Archive for the ‘Crafty Review’ Category

* Print, Paper, & Ink

Posted on February 24th, 2018 by maitreya. Filed under Crafty Review.

I was wondering the other day whatever happened to the people who used to run the dear, departed Assemble Shop.  Turns out they wrote a book!  It’s really pretty and has several cute projects.  My favorite is the Spirographed Tote.


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* cute tunic dress

Posted on December 13th, 2016 by maitreya. Filed under Crafty Review.

I’m living temporarily in Austin, and one of the nice things about being in a new city is having access to a whole new library system.  I have checked out a bunch of craft books that Seattle doesn’t have, including almost all the Meet Me at Mike’s books.  They are very pretty.  I particularly liked the Too Cute Tunic Dress from Sew La Tea Do:


Still haven’t managed to make any new projects.  I have a couple ideas in the works, though.


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* Emerald City Gardens

Posted on February 21st, 2012 by maitreya. Filed under Crafty Review.

We stopped by Emerald City Gardens this weekend on the way to Ballard.  Such a cute shop, and they are always so helpful and knowledgeable.  They have an excellent assortment of seeds, including Irish Eyes, Baker Creek, Renee’s Garden, and they were putting out more while we were there.  Good potato selection too.  My favorite thing is the bin of last year’s seeds.  50 cents each!  Can’t beat that.  I got a fistful of packets, plus I found out that I’ve been overwatering my lithops :P

And there’s a shop cat!


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* Northwest Flower and Garden show 2012

Posted on February 12th, 2012 by maitreya. Filed under Crafty Review, Home and Garden, Inspiration.

Mark and I spent the whole day yesterday at the Northwest Flower and Garden show.  It was a lot of fun, and I managed to find a few things to bring home: Rose Finn Apple and La Ratte fingerling potatoes from Irish Eyes, a free packet of carrot seeds from the zoo booth, some samples of chicken feed from Portage Bay Grange, and an armful of 50% books that I’ve been meaning to get anyway, including Put ’em Up, Sugar Snaps and Strawberries, and Your Farm in the City.  I was a little disappointed there weren’t more vegetable seed companies there, though. I had hoped to find a few novel varieties not usually locally available.  There was one booth of Italian seeds that was interesting, plus Irish Eyes, but beyond that, nada.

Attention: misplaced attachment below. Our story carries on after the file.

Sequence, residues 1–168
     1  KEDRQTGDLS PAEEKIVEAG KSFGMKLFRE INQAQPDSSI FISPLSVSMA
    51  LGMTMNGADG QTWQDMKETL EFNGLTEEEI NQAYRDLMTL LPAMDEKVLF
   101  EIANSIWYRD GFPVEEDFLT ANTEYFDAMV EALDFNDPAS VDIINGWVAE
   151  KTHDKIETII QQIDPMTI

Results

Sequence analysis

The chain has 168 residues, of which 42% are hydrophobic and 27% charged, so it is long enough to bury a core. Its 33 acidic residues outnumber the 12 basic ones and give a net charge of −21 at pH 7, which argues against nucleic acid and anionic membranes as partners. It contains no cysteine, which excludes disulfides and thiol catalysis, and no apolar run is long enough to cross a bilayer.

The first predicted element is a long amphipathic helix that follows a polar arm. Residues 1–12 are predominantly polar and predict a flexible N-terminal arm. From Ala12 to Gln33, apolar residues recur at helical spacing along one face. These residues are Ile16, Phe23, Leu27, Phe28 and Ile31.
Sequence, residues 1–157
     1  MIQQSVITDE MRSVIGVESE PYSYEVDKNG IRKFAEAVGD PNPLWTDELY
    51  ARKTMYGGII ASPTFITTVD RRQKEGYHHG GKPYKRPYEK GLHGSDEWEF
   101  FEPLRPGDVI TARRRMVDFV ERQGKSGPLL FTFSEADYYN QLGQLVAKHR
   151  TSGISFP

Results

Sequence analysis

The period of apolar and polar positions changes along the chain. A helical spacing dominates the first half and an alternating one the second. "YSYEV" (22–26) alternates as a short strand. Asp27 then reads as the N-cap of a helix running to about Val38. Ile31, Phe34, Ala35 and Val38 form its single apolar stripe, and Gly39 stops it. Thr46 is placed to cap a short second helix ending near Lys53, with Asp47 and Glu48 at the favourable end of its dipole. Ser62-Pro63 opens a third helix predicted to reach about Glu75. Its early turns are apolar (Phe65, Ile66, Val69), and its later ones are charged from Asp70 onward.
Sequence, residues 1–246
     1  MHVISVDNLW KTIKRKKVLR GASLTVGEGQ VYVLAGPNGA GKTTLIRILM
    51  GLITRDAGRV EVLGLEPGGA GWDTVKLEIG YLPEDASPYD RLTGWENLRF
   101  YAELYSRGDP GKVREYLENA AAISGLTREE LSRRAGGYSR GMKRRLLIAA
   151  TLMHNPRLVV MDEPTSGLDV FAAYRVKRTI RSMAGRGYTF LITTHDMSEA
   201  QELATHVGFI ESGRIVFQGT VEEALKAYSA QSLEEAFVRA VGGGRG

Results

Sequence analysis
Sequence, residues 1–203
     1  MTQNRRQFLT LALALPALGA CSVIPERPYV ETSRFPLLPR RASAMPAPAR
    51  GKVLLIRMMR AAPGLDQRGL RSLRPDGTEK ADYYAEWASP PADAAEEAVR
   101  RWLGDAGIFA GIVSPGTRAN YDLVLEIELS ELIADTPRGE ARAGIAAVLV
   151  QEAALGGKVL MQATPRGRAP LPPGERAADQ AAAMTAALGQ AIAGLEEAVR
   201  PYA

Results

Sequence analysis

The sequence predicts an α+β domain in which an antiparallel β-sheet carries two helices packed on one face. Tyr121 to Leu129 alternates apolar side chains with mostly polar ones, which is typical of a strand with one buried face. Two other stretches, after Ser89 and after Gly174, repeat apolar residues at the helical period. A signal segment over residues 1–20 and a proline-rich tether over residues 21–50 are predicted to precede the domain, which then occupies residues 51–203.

We did get lots of ideas at the show.  I’m going to try bolding the ideas I want to remember the most for reference.  Mark was the official family photographer.

We had two favorites of the demonstration gardens, both including lots of edibles.  The first was titled Pictures at a Northwest Exhibition (creators), and featured an accordion player in a gazebo made from repurposed items and vegetables planted in slices of industrial pipe.

They also had a Kippenhouse duck coop with a living roof and potatoes planted in burlap bags.

The other one we liked was by Cascadian Edible Landscapes.  Besides all the nice vegetables, they had a chicken coop (with chickens, unlike the plastic ducks in the other one) made out of a VW bus by Recoop.

The big winner garden was also pretty spectacular, using giant tree roots in the landscape.

We spent the afternoon going to seminars.  The first was by Jessi Bloom: “What the Cluck?! Great Plant Choices for Gardening with Chickens.”  She brought a few chickens for show and tell, and her talk covered some of the topics in her new book, which I am currently on the reserve waiting list for at the library (thank you Seattle Public Library iPhone app).  She had some good suggestions, and made us realize that letting our chickens out to range during the day is not very useful if they have nothing in their little landscape.  Even though we only have two chickens, and they have a really spacious area, they have eaten every single green thing in sight.  This year we’re going to try to plant some shrubs by the coop to liven things up, and today I set up their tractor over one of my cover-cropped beds.  I was going to turn this bed under this weekend to plant with sweet peas, but instead maybe they will do it for me and get some tasty greens at the same time.

Next up was a kind of bizarre talk about Potager gardens, which included some nice pictures but not much information content.

After that, we went to see Ciscoe Morris’s seminar on Indestructible Plants.  He’s such a character.  Every slide came with a funny story and encyclopedic information.  I really need to see if the podcast of his radio show ever started up again.